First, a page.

After walking the Derwent Valley Heritage Way I am now on a continued mission to educate myself in all things Arkwright. The next location on my list was Masson Mill, I have visited before many years ago but that was only to browse the shops that are now part of this diversified mill. Masson Mill sits in between Matlock Bath and Cromford at the northern end of the UNESCO Derwent Valley Mills World Heritage Site, It is the crowning jewel in Sir Richard Arkwright’s cotton milling achievements and I knew I had to go and check out this fantastic looking mill.
I arrived at just after 10am on a very misty autumnal morning, the leaves were falling, the mist had descended so the warmth of the mill building felt very welcoming. I visited his very first Mill last week and wrote a blog post which can be found at Richard Arkwright – Cromford Mill.
As I mentioned earlier there is a wealth of shopping and dining facilities at Masson Mill. I did quickly sample some coffee from the cafeteria on the ground floor before I heading off to the museum to learn some more valuable history lessons. You enter the Mill Museum by descending down the slope which is just to the left of the shopping entrance and car park. I paid the very modest entrance fee of £3, quickly stopped to take a picture of the original Mill bell from 1785 and then headed down stairs to begin soaking up all that was on offer.
As it was approaching 11am I headed straight for the Weaving Shed and Dispatch. A machinery demonstration takes place at 11am & 2pm Monday to Saturday, if you visit on a Sunday the demo is 11am and 4pm. I had a great chat with Kevin Gilbert who works at the museum, he very kindly answered a few quick questions while I recorded it for Peak Routes via AudioBoo. In the Boo which is embedded below you can hear our discussion and the sound of one of the Yorkshire Looms that dates back around 130 years.
I was totally fascinated by all that was on offer in the Weaving Shed, the live demo of the machines was excellent and it was great to see them working. The noise of the Yorkshire and Lancashire Looms was at a bearable level today, it does make me wonder what it must have been like to work in the mill when all the machines were weaving, spinning, carding and doubling all at once.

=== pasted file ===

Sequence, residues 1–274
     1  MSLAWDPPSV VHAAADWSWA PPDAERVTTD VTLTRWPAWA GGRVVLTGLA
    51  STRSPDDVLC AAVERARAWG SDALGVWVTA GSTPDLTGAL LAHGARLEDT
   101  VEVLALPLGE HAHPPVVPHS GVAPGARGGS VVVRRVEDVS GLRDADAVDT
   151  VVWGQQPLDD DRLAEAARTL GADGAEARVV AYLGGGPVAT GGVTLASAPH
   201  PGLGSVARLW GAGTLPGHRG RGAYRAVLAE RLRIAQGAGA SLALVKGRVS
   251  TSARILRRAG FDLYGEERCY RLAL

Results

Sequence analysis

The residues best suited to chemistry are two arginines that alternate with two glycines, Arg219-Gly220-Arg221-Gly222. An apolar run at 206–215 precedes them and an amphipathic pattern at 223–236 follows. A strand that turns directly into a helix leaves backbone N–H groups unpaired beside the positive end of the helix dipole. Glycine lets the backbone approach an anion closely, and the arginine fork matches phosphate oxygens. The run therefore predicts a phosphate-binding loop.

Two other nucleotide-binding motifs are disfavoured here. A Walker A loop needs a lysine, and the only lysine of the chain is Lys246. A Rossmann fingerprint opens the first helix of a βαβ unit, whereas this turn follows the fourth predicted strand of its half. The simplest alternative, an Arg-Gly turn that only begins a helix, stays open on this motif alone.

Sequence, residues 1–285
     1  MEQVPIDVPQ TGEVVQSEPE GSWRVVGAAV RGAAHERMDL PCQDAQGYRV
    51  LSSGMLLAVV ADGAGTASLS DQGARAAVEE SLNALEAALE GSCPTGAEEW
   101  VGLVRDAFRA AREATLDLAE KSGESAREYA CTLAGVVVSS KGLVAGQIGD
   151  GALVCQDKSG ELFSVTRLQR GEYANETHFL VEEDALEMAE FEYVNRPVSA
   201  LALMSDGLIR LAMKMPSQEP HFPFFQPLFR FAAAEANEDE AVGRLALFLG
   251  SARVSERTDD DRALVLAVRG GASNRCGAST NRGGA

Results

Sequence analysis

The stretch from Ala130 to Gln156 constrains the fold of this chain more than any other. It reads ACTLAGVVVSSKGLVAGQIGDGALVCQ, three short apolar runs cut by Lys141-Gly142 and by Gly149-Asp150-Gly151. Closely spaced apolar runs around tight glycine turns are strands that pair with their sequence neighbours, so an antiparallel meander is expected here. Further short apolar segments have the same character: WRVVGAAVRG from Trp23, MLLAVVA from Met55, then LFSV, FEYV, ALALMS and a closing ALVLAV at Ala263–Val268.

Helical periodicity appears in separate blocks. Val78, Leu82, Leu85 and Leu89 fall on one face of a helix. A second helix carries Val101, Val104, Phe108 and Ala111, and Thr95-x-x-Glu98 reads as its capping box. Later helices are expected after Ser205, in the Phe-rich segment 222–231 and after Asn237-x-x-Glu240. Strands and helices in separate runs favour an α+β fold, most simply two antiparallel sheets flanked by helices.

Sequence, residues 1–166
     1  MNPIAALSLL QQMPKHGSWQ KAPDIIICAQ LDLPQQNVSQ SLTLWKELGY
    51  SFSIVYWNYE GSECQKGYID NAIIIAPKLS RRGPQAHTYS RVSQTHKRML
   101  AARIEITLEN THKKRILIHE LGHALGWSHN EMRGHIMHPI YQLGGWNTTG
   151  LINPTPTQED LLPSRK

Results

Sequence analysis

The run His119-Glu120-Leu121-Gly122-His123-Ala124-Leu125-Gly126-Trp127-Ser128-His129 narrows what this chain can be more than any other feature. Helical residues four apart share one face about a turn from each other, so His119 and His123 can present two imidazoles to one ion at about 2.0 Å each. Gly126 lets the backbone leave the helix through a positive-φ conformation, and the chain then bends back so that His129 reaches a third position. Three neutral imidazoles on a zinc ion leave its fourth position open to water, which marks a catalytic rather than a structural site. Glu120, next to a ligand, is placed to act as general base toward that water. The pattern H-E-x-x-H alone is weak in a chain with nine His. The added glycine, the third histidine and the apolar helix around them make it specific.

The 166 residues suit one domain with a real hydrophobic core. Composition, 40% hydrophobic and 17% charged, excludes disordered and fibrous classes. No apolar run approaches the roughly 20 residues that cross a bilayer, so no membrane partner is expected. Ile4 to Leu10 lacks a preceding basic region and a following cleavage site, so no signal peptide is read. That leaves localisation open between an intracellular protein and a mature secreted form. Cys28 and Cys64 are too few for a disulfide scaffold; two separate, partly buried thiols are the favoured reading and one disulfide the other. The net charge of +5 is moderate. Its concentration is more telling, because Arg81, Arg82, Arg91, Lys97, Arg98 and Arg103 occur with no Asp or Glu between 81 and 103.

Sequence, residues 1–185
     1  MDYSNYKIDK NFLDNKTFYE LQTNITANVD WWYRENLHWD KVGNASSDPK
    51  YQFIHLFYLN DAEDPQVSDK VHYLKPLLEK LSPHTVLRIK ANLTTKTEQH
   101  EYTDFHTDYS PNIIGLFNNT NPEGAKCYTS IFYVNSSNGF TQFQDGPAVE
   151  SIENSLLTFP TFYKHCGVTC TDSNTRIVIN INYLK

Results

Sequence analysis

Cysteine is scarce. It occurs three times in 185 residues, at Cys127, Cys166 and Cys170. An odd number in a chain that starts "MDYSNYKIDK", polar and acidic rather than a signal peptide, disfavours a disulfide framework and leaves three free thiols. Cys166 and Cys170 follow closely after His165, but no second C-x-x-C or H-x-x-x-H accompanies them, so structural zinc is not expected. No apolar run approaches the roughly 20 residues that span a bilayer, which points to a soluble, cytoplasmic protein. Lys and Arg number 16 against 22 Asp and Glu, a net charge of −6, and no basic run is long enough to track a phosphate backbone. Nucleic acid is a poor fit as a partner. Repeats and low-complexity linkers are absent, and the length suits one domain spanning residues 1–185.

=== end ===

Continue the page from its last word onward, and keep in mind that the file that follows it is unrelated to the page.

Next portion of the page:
After the great demo by Kevin I moved on to the Spinning and Carding section of the museum. The huge “Mule” spinning/drawing machine looked very impressive, It wasn’t in operation today but I can imagine it must have required great skill to operate as it moved backwards and forwards.
Next I wandered through the Mechanic’s shop to the boiler house. when Arkwright built the mill it was originally powered by water until the steam boilers were fitted around 1911. They are absolutely huge and I imagine this room must have been particularly warm when they were in use.
After the boiler house I wandered outside to have a look at the weir on the River Derwent that was built by Arkwright in 1783. one of the reasons he built Masson Mill is due to the great power that could be harnessed from the River Derwent. His original mill down in Cromford had suffered from water flow issues as it was using the power of Bonsall Brook and Cromford Sough. The Derwent which begins high up in the Peak District at Swaines Greave has a much larger flow.
The mill was first powered by the water wheel, then by steam and is now run by hydro electric power. Thanks to this, the site is totally self sufficient and when the mill is closed the hydro electric power is channelled back into the national grid. I then wandered through the Bobbin Room which house the worlds largest collection of bobbins, according to the signs there they have around 680,000, needless to say I didn’t take the time to double check their count 🙂
Next was the Doubling Room which is in the oldest part of the mill, I was particularly impressed by what is attached to the wall in this area. It is the original ring where Arkwright tethered his horse when it was raining. being the fanatic that I am I had to grab hold of it and imagine what it must have been like in the room all those years ago. I was once again left fascinated by the working cotton doubling machine that is housed here. I recorded an AudioBoo while I watched it working the strands of thread, twisting them together and giving double thickness to the final yarn.
After the Doubling Room I had one more look in the Weaving Shed before concluding my very brief visit. There is a vast wealth of things to see, hear and experience at the museum. I will definitely be returning again very soon to spend more time exploring and learning. If you would like to find out more about the museum at Masson Mill you can do so by visiting http://www.massonmills.co.uk/Museum/. They have a great website which is full of information that will make you want to go and have a look for yourself. Thanks for taking the time to read this post and I hope to bring you another instalment in my Derwent Valley Mills visits very soon.